Workplace Violence: know the warning signs

Workplace violence is an ongoing issue in modern society. According to the Occupational Safety and Health Administration (OSHA), certain factors can increase the risk of workplace violence. These factors include working alone or in isolated areas, exchanging cash with the public, working late hours, and working with people who may have a higher propensity for violence. Workers at a higher risk of workplace violence include delivery drivers, healthcare professionals, public service workers, customer service representatives, law enforcement personnel, and taxi drivers.  

Know the warning signs 

According to ASIS International, a professional organization that issues certifications, standards, and guidelines for the security profession, there may be warning signs that can occur prior to a workplace violence incident. Warning signs of someone who could act out violently include: 

  • Has a history of threats or violent act 
  • Has a criminal history that suggests the use of violence to project power and to control others, or to respond to stress or conflict
  • Acts out with threats, bullying, or other concerning behavior, aggressive outbursts or comments, or excessive displays of anger 
  • Abusive or harassing behavior 
  • Holds grudges or an inability to handle criticism 
  • Continuously makes excuses and blames others 
  • Chronic, unsubstantiated complaints about persecution or injustice
  • Obsessive intrusion upon others or persistent unwanted romantic pursuit 
  • Erratic, impulsive, or strange behavior that causes fear among coworkers
  • Expression of homicidal, suicidal, or self-harm intentions
  • Displays signs of emotional distress 
  • Obsession and/or fascination with weapons 
  • Obsessiveness with violent themes of revenge 
  • Unusual interest in publicized violent events 

Some proper responses to violent or potentially violent situations are: 

  • Paying attention to the person 
  • Using supportive body language 
  • Avoiding gestures that may be perceived as threatening or dismissive (head shaking, pointing, or arm crossing)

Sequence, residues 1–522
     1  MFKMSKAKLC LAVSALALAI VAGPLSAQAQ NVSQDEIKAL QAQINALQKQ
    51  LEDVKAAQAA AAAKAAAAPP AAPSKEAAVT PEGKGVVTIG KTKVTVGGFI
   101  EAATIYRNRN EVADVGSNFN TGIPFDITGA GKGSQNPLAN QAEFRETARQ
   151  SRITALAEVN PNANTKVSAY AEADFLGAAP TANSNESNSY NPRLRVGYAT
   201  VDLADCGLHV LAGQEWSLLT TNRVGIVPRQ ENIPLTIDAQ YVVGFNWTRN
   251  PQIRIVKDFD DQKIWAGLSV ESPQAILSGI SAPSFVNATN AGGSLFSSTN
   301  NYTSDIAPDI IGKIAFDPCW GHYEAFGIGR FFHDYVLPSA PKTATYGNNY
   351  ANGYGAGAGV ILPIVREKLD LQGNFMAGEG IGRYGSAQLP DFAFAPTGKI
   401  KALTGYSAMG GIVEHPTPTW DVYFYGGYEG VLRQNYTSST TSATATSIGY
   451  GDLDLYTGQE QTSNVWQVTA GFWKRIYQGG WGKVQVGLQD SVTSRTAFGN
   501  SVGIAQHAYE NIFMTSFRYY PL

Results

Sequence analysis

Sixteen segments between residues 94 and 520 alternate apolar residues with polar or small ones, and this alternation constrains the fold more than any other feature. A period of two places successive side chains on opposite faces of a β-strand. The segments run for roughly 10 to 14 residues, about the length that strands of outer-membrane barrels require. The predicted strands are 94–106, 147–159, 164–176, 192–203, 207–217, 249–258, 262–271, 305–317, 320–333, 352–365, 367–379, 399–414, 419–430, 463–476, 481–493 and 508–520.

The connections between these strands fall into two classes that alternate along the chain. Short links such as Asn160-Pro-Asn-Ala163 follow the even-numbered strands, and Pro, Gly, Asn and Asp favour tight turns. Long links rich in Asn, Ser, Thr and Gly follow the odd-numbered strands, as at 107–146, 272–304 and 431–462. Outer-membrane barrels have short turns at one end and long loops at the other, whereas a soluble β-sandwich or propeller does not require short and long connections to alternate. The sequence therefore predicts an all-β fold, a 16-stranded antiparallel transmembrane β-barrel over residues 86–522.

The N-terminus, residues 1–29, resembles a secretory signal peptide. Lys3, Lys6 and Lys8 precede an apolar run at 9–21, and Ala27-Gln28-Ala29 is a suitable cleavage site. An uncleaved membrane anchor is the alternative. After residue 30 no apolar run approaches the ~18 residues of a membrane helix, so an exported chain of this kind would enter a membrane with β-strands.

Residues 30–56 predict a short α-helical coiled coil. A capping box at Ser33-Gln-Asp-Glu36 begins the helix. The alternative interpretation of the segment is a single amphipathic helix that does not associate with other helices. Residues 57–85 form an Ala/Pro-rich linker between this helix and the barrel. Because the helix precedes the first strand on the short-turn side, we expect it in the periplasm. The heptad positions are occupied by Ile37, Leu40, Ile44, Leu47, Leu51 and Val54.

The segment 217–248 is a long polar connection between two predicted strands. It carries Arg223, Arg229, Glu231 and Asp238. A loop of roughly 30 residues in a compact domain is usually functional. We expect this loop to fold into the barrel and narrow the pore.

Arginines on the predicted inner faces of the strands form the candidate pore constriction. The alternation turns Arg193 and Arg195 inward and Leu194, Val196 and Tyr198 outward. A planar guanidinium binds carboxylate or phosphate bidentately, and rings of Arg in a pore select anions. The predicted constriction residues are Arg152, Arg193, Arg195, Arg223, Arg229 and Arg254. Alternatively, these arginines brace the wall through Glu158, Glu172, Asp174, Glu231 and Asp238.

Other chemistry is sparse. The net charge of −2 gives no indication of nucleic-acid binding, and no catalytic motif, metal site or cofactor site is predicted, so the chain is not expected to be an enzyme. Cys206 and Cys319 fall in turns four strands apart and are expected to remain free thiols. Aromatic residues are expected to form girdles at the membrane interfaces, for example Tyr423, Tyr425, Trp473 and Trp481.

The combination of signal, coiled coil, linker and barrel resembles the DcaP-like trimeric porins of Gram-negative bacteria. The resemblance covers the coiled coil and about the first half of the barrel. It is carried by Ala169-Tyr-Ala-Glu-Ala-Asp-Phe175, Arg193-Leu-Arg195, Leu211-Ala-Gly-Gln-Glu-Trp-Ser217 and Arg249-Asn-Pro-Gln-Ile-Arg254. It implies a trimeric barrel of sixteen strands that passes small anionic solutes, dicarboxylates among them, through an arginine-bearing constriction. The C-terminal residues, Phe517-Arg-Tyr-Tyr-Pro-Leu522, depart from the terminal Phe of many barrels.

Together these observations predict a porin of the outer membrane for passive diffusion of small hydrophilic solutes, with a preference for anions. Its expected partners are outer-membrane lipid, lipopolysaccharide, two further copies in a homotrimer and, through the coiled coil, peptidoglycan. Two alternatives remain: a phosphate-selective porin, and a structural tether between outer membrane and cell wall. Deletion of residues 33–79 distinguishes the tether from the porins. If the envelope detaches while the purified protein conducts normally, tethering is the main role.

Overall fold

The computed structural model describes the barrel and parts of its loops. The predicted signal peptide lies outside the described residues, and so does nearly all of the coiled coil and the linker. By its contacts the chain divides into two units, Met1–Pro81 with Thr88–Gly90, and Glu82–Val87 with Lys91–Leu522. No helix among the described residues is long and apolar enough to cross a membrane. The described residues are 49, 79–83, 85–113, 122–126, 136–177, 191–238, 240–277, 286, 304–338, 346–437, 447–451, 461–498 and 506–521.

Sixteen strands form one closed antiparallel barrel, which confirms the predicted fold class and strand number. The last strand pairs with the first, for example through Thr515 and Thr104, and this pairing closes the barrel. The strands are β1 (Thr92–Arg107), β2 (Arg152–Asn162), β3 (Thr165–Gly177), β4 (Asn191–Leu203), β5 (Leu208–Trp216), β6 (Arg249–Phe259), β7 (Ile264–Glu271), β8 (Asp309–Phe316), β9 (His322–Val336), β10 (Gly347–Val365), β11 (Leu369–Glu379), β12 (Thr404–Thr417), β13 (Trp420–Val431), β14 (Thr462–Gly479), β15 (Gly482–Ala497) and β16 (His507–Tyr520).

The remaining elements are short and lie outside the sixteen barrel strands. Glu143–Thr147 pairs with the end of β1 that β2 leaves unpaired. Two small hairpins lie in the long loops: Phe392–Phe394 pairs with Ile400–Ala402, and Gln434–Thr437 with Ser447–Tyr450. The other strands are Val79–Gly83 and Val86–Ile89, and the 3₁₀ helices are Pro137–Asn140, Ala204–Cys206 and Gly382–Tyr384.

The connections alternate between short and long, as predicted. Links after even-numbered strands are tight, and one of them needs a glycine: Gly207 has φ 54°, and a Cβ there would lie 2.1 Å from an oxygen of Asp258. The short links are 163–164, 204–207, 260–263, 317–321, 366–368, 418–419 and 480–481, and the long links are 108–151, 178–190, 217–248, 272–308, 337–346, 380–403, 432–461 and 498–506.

Workplace violence continues to be an issue for organizations both large and small. By knowing the warning signs and educating employees on proper response and de-escalation techniques, businesses can help make workplaces safer, healthier environments for their workers and customers. In turn, this could have a positive impact on society as a whole.  

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© 2021 The Hartford Steam Boiler Inspection and Insurance Company. All rights reserved. This article is for informational purposes only and is not intended to convey or constitute legal advice. HSB makes no warranties or representations as to the accuracy or completeness of the content herein. Under no circumstances shall HSB or any party involved in creating or delivering this article be liable to you for any loss or damage that results from the use of the information contained herein. Except as otherwise expressly permitted by HSB in writing, no portion of this article may be reproduced, copied, or distributed in any way. This article does not modify or invalidate any of the provisions, exclusions, terms or conditions of the applicable policy and endorsements. For specific terms and conditions, please refer to the applicable endorsement form. 

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